The Vault CLI contains a number of convenience features which enable the operator to make quick changes related to backends and tokens. This article explores the concept of quickly changing a problematic backend mount with the
vault revoke command and its associated
You are attempting disable an unnecessary authentication backend named
aws-ec2 when you encounter an error:
$ vault auth-disable aws-ec2 Error: Error making API request. URL: DELETE https://vault.example.com/v1/sys/auth/aws-ec2 Code: 400. Errors: * failed to revoke 'auth/aws-ec2/login/004c7a3e98ee3c9f3ef83651434a0891a81fb7bb' (1 / 1): failed to revoke token: failed to revoke entry: failed to revoke 'database/creds/mariadb-readonly/ 03167e19a1ef25c482728a3f3c21cf739d2b6a69' (1 / 1): failed to revoke entry: resp:(*logical.Response)(nil) err:error during revoke: could not find role with name mariadb-readonly
The issue at play here is a bit complex, but essentially boils down to:
While revoking the tokens associated with the
aws-ec2 backend, a token is encountered that is associated with a MariaDB backend token for a role named
mariadb-readonly that does not currently exist.
One tempting, but not recommended solution would be to simply create a new role named
mariadb-readonly for the associated backend, and then try to disable the
aws-ec2 backend again — but what if the MariaDB backend is also gone?
In this example, we described the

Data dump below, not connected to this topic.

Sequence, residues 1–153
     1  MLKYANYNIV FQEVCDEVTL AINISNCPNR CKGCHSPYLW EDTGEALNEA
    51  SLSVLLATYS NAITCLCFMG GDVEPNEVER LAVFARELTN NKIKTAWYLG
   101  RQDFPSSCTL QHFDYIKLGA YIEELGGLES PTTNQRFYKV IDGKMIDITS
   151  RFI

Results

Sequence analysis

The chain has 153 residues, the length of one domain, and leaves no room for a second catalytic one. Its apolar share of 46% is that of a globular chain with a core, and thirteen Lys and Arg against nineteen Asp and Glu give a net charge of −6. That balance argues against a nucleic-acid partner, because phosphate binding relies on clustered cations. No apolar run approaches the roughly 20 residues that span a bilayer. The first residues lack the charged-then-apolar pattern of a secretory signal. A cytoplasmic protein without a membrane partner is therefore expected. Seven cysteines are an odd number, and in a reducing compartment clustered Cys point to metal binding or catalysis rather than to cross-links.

aws-ec2 backend as being unnecessary, so in addition to disabling it, we don’t mind if the tokens associated are all forcibly revoked as well. So how do we quickly and forcibly revoke all of the tokens associated with the backend named
Let’s learn about what
vault revoke --help has to say about it:
$ vault revoke --help Usage: vault revoke [options] id Revoke a secret by its lease ID. This command revokes a secret by its lease ID that was returned with it. Once the key is revoked, it is no longer valid. With the -prefix flag, the revoke is done by prefix: any secret prefixed with the given partial ID is revoked. Lease IDs are structured in such a way to make revocation of prefixes useful. With the -force flag, the lease is removed from Vault even if the revocation fails. This is meant for certain recovery scenarios and should not be used lightly. This option requires -prefix.
It appears that we can forcibly revoke all tokens associated with a prefix (the backend mount name) by using the
-prefix flags, like this:
$ vault revoke -prefix=true -force=true auth/aws-ec2/ Success! Revoked the secret with ID 'auth/aws-ec2', if it existed.
and the backend can now be successfully disabled:
$ vault auth-disable aws-ec2 Disabled auth provider at path 'aws-ec2' if it was enabled